Rent Prices in U.S. Rebound with Largest Monthly Increase Since June 2019
Months of plummeting rental costs seem to be stabilizing, according to data provided in the March Apartment List National Rent Report. Rent prices are starting to rebound across the U.S., with some variation across different regions of the country. The rebound will likely assist landlords with eliminating vacant rentals after completing the rental lease agreement process with new tenants.
The Apartment List report for March 2021 report reveals data that the writers call the “clearest indication yet” that rent prices are starting to rebound in certain markets across the U.S., with some regional variations. The Apartment List national index increased by 0.7 percent over the previous month, which was the largest month-over-month increase since during the summer of 2019. That 0.7 percent month-over-month February rent growth was more than double the previous year average at the same time of the year. The average month-over-month February rent growth of the previous three years was at just 0.3 percent. Year-over-year, rent prices are down 0.8 percent, compared to the 1.2 percent year-over-year decline reported in the Apartment List National Rent Report the previous month.
It is important to note that national rent growth has not been significantly disrupted since the earliest stages of the COVID-19, according to the report. This is partially exhibited by the fact that while rents fell by a rate of 1.2 percent from March 2020 through June 2020, rent prices are currently only 0.1 percent lower than they were in June of last year.
The Apartment List wrote that over the previous eight months, the national rent growth was mostly in line with the seasonal trend observed in previous years. While the national index shows growth that is similar to that of previous years, the Apartment List report explained, “Stability in the national index has been masking significant regional variation below the surface, as some markets had been continuing to watch rents plummet, while others experienced a pandemic-related boost to demand.” Perhaps this is partly due to cooperation between many landlords and tenants that continue following landlord tenant law to the best of their ability. There are several instances of negotiation between landlords and tenants that may aid in continued month-over-month or year-over-year rent increases. A Harvard Law Blog discussed the collaborative negotiations that are sometimes undertaken by property owners and tenants in the New York market where rental agreement terms may still be met after the negotiations.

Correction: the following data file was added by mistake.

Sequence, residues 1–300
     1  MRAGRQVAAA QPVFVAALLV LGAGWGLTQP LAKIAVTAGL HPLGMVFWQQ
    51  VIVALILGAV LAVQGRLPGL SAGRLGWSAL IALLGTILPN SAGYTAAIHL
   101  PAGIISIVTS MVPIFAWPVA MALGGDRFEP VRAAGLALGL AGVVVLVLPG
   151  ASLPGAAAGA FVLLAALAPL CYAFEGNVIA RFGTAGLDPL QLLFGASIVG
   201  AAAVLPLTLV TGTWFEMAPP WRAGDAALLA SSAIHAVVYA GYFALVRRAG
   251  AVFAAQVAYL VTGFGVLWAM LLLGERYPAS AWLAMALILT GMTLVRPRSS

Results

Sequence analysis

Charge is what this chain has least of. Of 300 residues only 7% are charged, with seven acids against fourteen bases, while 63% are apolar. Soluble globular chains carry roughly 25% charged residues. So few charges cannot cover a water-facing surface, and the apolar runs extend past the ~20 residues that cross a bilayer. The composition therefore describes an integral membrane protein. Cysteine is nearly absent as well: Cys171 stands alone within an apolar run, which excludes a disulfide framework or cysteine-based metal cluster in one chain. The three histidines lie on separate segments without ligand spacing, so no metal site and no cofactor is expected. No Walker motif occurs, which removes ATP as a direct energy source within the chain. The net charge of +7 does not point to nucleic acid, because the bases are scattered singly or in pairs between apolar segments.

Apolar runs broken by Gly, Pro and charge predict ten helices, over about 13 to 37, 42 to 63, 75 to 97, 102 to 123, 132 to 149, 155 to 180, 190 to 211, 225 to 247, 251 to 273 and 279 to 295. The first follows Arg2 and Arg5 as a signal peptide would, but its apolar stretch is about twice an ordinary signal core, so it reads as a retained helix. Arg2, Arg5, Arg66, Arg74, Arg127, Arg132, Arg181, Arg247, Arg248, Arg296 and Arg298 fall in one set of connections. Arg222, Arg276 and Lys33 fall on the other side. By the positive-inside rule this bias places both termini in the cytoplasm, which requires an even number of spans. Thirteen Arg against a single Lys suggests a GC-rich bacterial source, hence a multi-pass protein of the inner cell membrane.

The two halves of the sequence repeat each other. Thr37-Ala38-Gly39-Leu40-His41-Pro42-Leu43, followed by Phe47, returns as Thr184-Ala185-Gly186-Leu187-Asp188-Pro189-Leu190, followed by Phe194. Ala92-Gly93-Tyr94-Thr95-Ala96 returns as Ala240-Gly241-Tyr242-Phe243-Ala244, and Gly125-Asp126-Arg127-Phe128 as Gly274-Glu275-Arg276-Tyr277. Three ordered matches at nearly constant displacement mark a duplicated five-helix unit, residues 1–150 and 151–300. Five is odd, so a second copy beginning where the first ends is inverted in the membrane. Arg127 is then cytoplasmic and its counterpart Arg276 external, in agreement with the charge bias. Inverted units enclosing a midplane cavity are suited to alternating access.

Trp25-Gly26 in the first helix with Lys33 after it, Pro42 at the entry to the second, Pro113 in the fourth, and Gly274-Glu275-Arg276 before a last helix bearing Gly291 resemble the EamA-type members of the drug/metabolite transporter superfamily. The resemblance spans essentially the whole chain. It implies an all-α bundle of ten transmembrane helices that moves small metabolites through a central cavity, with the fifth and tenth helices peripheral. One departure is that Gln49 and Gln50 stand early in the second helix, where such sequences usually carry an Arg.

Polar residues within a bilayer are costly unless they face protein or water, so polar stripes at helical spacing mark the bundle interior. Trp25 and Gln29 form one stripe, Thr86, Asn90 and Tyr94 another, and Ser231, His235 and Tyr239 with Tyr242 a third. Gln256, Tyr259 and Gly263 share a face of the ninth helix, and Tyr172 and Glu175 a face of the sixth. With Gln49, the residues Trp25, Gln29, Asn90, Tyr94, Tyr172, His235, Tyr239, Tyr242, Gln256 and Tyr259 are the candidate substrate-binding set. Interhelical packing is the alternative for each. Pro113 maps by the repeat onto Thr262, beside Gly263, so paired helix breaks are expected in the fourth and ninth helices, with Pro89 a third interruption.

The New York market is just one example of regions that may vary in month-over-month rents. There was an average 2.4 percent decline in rents in New York City for the nine months leading up to the March report, which showed that in February, there was only a 0.1 percent decline in rents.
The steep rent declines are seemingly starting to level out in some markets, while the other markets are continuing to see rent increases. San Francisco saw rents plummet by more than 25 percent year-over-year, yet the area saw a 1.2 percent rent increase in February. This is the first rent increase in San Francisco since the beginning of the COVID-19 pandemic. During the months of April 2020 through December 2020, rent in San Francisco fell by 3.4 percent each month. San Francisco is just one of several cities with the steepest year-over-year rent declines that saw growth during the month of February. This is in spite of pandemic-related restrictions placed on property owners that prohibited them from taking actions such as eviction or giving tenants pay or quit notices upon non-payment of rent.
Rent in Boston increased by three percent month-over-month, which was the largest increase among the 100 largest cities in the U.S. There is also a continued boom in many mid-size markets. Fresno, California, and Memphis, Tennessee, are examples of markets seeing growth. Boise, Idaho ranks in the number one Apartment List spot for the fastest year-over-year growth, with a one-month 1.8 percent increase in rents. A decrease in the supply of local vacancies has likely resulted in more prospective tenants completing the tenant screening report, or the rental application form, and finding themselves on a waiting list in some cities.
A Forbes contributor indicates that there will be a strong demand for rental properties, even as the supply has decreased for the most part over recent months. The migration to urban areas, where tenants and businesses are able to locate near the infrastructure, jobs, and have access to the services most important to them, such as healthcare, may mean good news for landlords. As the rebound in rents continue, landlords will likely continue to have more opportunity to screen new rental applicants, and to perform the required credit check for each adult listed on the standard rental application form.
Cities that had the most-affordable rents at the time of the onset of the coronavirus pandemic have typically seen rent prices increase. The affordability gap has narrowed substantially when comparing the most expensive cities across the country, where rents have somewhat decreased over the course of the pandemic, to the cities with the most affordable rents, where rents have increased year-over-year. The February 2021 rent price increase that is recognized as the largest monthly rental increase since June 2019 may be a clear indication that there is finally stability in the rents that have been substantially fluctuating over the past several months.